When large educational institutions make policy changes, it can be deceiving. We think it’s big news, or maybe because we care, we think it should be big news. Whether or not this is the case depends on both the news and the institution. We think and talk too much about what Harvard does, probably not nearly enough about what’s going on at the University of Central Florida, the largest school in the country.
With either measure, the decision Ohio State University leaders made this week should be big. The school is big – with around 60,000 students, depending on how you count, it’s number five or ten. The news, too, great. At least that’s how it should be.
According to local reportingThe university’s trustees voted to increase tuition fees. New students pay an additional 3.8% tuition fees. For freshmen outside the state, prices will increase by 5%. But that’s not the big deal. The prices increase. At most schools, the amount of scholarships and grants has exceeded these increases, so the real cost has been quite low for some time.
What’s a big deal is that the trustees have also charged fees for overseas students taking online courses. And by “raised” I mean a ton. Last year, overseas students who took all of their courses online paid a $ 5 surcharge. Next year, the online surcharge outside of the state is $ 19,493.
Local coverage of the change failed to state why the school decided to add nearly $ 20,000 to its annual tab for remote online students. But the result is pretty clear. With this change, remote online students will pay $ 34,717 per year to take online courses. Out of state students studying on Ohio state campus pay almost the same – $ 35,019.
The new pricing structure means that one of the largest schools in the country has raised prices for its online and in-person classes.
From a reputation and grade point of view, this is a good decision. The market is overflowing with cheap and simple online degrees of questionable quality – most are inundated by seedy, for-profit schools as well as a few mass-market assembly-line schools that are nominally “nonprofit”. Institutions interested in their brands do not want to wage price wars with these places. None of them, including the state of Ohio, are going to win a cost and price race to the bottom.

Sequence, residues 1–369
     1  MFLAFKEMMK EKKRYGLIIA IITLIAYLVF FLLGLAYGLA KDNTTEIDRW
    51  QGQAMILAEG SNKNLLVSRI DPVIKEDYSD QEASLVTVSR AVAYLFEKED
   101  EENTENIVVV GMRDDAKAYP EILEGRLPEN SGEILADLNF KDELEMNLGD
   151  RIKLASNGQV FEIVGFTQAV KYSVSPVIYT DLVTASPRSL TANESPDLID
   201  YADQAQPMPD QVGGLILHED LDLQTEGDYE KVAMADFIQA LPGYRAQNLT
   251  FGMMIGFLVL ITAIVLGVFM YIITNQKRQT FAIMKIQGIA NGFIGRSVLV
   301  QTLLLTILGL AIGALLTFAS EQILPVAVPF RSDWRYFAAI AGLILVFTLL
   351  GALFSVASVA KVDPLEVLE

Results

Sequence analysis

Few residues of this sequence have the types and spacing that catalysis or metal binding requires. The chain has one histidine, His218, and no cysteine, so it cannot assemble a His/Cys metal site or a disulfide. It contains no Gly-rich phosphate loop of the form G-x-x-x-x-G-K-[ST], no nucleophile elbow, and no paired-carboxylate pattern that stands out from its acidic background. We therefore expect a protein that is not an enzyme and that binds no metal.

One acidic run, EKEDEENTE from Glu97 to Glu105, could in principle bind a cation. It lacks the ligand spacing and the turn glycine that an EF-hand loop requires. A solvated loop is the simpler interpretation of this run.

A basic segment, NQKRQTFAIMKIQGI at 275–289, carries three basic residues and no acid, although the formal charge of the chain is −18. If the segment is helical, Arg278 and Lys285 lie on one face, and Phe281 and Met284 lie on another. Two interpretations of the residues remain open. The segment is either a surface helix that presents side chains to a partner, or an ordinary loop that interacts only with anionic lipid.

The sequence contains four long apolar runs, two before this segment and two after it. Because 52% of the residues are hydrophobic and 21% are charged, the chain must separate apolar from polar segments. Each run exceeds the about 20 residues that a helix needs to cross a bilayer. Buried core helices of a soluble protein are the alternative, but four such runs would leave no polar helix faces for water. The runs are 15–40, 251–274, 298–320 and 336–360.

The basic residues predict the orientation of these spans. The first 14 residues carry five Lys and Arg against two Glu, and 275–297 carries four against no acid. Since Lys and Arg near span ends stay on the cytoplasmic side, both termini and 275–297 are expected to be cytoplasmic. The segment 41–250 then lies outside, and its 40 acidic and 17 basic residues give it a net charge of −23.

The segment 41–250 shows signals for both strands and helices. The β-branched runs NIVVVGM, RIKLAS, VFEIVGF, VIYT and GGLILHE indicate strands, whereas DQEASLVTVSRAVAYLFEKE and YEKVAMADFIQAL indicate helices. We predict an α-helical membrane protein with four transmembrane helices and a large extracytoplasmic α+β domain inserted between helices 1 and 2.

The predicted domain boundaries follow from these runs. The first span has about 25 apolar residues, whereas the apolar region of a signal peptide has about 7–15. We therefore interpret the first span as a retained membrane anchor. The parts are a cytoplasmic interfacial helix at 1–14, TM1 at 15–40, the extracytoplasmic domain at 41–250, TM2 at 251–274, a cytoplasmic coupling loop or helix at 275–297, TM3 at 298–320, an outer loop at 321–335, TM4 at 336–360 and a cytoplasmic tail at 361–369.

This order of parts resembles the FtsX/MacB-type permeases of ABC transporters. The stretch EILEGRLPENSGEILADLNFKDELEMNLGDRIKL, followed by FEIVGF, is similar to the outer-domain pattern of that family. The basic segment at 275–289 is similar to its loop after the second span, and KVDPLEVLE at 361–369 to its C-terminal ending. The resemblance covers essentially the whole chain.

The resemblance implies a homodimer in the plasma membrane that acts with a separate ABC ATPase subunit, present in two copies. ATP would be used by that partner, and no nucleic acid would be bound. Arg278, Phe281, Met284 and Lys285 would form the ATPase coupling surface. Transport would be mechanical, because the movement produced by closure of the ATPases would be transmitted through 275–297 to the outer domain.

By making their in-person degrees and online degrees cost the same, they say, “This is what a degree costs in Ohio, and we think it’s worth it. There is no cheap version of an Ohio state degree. “If the school is equally behind an online degree and a personal degree, and if they say they are the same, the prices should be comparable.
It may not seem like it, but it’s good for students too. There are real, real, and important benefits to studying on a college campus. There are resources, relationships and experiences on campus that Zoom U simply cannot provide. While being on campus is hidden, when it costs a few hundred dollars more to be on campus than it costs to study at home, that’s an amazing deal. There should be no incentive for a student to give up the best parts of college.
But the reason this Ohio State decision is a big deal is definitely not good news for online learner evangelists and investors.
From the beginning, those who viewed online programs as the future of college, as the external dynamic that would transform colleges, based their arguments on three points: online programs would expand access, improve quality, and be less expensive than ” traditional “programs. College courses on campus.
The access part was easy – the online college is obviously more accessible than the campus options. The quality argument was questionable at best and is clearly not supported by the low-cost, low-quality programs that offer online degrees on every corner. And Ohio State’s decision to increase the prices of its online offerings really goes against the idea that online programs can or will be more cost effective. They have never been cheaper at many prestigious schools.
In reality, there is legitimate cost pressures on online courses that don’t exist on campus, making it very difficult to design and deploy good online programs inexpensively. Bad, sure. Good ones, like the kind the state of Ohio is sure to offer, remain a price challenge.
Perhaps the cost of the programs isn’t why the state of Ohio has moved its online pricing. Maybe they’re just looking for ways to get a few more dollars on their balance sheets, or something else. Whatever the reason, when a school the size of the state of Ohio adapts their remote online classes to their personal classes, that’s big news. Or at least it will be.